Are driverless cars inevitable?
Electric cars are the future and never fail to interest me, even if some of them are a bit rubbish. But driverless cars on the other hand...
The so-called controversy around electric cars has never made sense to me. This so-called controversy mainly exists amongst petrol-heads or gear-heads or whatever you want to call them, car enthusiasts. However, driverless cars are far more controversial and represent a possible point of no return for the world of motoring...
Part of the appeal of driving is the how involved the driver is in the process. Gear changes for one thing but also small apparently unremarkable actions such as using the indicators and even the windscreen wipers. Whatever it may be, the driver is just that, the driver. Not just in terms of moving the car in the right direction, but driving the atmosphere in the cabin, the temperature, the level of comfort to some degree. How your ride is as a passenger largely depends on the quality of the driver.
From a driver's perspective, driving should be an immensely exciting and engaging experience. You are alert, on the ball and it's possibly the most focused you'll be all day. But that is part of the joy of driving, no matter how tedious some situations may be (i.e. traffic jams)
So, we now get to the driverless cars problem.
But aren't driverless cars safer than 'regular' cars?
See, that is one of the strongest parts of the pro driverless cars debate. People take time to react to things, this in many cases, causes traffics jams the world over. With driverless cars, traffic jams would presumably become a thing of the past. Right?
Well, not necessarily. Driverless cars are and will be, basically computers with wheels attached. Computers tend to react rather badly when operating too many things at once. If a driverless car is doing the driving whilst keeping the passengers warm and comfortable and de-misting the windows, surely eventually something has to give?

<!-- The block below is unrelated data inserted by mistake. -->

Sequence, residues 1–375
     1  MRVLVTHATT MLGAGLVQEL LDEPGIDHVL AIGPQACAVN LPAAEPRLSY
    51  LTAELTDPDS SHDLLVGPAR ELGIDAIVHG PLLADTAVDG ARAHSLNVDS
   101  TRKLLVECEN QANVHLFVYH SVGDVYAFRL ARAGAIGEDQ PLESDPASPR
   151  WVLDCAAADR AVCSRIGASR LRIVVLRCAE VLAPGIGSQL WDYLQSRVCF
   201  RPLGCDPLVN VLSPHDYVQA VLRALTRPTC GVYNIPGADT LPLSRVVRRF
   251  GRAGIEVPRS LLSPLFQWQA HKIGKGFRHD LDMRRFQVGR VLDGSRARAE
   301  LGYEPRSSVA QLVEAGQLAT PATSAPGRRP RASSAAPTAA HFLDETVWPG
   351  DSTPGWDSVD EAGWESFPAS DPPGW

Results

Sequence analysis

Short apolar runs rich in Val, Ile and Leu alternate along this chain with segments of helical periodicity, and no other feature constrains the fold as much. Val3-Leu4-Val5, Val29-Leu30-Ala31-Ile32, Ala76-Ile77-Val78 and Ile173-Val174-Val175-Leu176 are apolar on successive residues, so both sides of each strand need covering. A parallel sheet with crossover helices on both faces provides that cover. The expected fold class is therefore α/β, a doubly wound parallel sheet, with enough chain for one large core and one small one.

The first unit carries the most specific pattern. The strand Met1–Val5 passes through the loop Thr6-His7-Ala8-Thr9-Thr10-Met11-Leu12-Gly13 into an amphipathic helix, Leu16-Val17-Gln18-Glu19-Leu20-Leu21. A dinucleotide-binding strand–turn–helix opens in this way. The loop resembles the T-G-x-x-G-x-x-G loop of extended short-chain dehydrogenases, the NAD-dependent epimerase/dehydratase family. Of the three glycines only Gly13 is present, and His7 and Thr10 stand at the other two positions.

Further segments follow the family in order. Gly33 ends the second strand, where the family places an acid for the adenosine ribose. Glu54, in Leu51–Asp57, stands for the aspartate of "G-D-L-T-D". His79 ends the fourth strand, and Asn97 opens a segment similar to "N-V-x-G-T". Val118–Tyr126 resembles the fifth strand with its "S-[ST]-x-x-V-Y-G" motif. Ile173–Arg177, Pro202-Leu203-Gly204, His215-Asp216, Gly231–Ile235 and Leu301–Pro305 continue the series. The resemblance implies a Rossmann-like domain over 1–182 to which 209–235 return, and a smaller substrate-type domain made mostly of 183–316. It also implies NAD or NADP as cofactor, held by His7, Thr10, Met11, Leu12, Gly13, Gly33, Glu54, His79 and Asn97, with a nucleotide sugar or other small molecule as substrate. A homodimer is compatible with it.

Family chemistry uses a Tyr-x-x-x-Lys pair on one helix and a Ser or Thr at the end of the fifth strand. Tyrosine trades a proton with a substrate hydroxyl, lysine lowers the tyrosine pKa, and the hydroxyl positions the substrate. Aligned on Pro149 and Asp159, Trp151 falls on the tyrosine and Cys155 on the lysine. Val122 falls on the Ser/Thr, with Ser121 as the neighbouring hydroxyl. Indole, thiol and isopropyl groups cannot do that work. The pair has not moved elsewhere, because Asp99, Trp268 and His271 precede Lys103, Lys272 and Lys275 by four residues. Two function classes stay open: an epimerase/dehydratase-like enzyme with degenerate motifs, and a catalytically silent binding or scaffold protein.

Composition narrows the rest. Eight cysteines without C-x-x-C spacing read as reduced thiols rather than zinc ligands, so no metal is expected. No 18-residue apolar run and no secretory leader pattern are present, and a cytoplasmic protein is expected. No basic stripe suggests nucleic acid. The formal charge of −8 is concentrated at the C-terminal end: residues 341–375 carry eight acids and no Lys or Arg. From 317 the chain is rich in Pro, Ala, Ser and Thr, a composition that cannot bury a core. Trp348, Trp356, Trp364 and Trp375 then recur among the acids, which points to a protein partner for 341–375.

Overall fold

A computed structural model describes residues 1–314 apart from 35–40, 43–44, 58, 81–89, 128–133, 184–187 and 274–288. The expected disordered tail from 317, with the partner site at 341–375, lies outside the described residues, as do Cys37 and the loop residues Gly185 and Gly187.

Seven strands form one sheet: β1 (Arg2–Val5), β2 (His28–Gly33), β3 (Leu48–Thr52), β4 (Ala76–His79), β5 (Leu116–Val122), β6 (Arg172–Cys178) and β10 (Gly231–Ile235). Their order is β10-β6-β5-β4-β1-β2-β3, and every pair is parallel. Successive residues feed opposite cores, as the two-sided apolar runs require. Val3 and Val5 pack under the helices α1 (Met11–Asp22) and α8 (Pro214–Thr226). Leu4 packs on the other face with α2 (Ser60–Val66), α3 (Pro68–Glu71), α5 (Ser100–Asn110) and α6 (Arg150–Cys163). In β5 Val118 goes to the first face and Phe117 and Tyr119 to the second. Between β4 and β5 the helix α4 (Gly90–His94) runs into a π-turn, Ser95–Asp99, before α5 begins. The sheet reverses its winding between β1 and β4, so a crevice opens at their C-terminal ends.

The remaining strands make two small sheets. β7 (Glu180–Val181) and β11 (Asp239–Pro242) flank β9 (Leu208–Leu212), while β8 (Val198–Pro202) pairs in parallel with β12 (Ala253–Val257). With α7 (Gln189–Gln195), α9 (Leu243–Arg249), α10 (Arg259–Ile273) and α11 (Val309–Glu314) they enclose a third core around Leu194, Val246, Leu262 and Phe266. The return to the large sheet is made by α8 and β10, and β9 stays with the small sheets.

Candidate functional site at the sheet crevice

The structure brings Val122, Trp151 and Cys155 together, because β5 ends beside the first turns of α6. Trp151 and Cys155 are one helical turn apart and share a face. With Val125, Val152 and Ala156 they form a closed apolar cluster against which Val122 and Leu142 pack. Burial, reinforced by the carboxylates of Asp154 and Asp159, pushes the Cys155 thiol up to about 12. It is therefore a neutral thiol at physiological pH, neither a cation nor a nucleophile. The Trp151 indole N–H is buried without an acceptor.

Even now, computers do have a tendency to be a tad unreliable. The formula for computers hasn't yet been perfected, so why build an autonomous car around one?
This may seem completely wrong on my part, but I think that the technology for driverless cars is nowhere near there yet. But driverless cars cannot be delayed. The likes of Apple and Google are putting millions of dollars into creating driverless cars and even more traditional car companies such as Mercedes-Benz have starting dabbling in this arena.
Electric cars are interesting, they're still cars at the end of the the day. But driverless cars appear to suck the very spirit of driving away. But perhaps this has been coming for years. Manufacturers have always tried to better the life of the driver and passenger and this is simply an evolution of that. So, I am a tad resigned to the fact that driverless cars aren't going away. It's possible that 'traditional' methods of driving will be preserved in some way, mainly taken up by motoring hobbyists. But we shall see...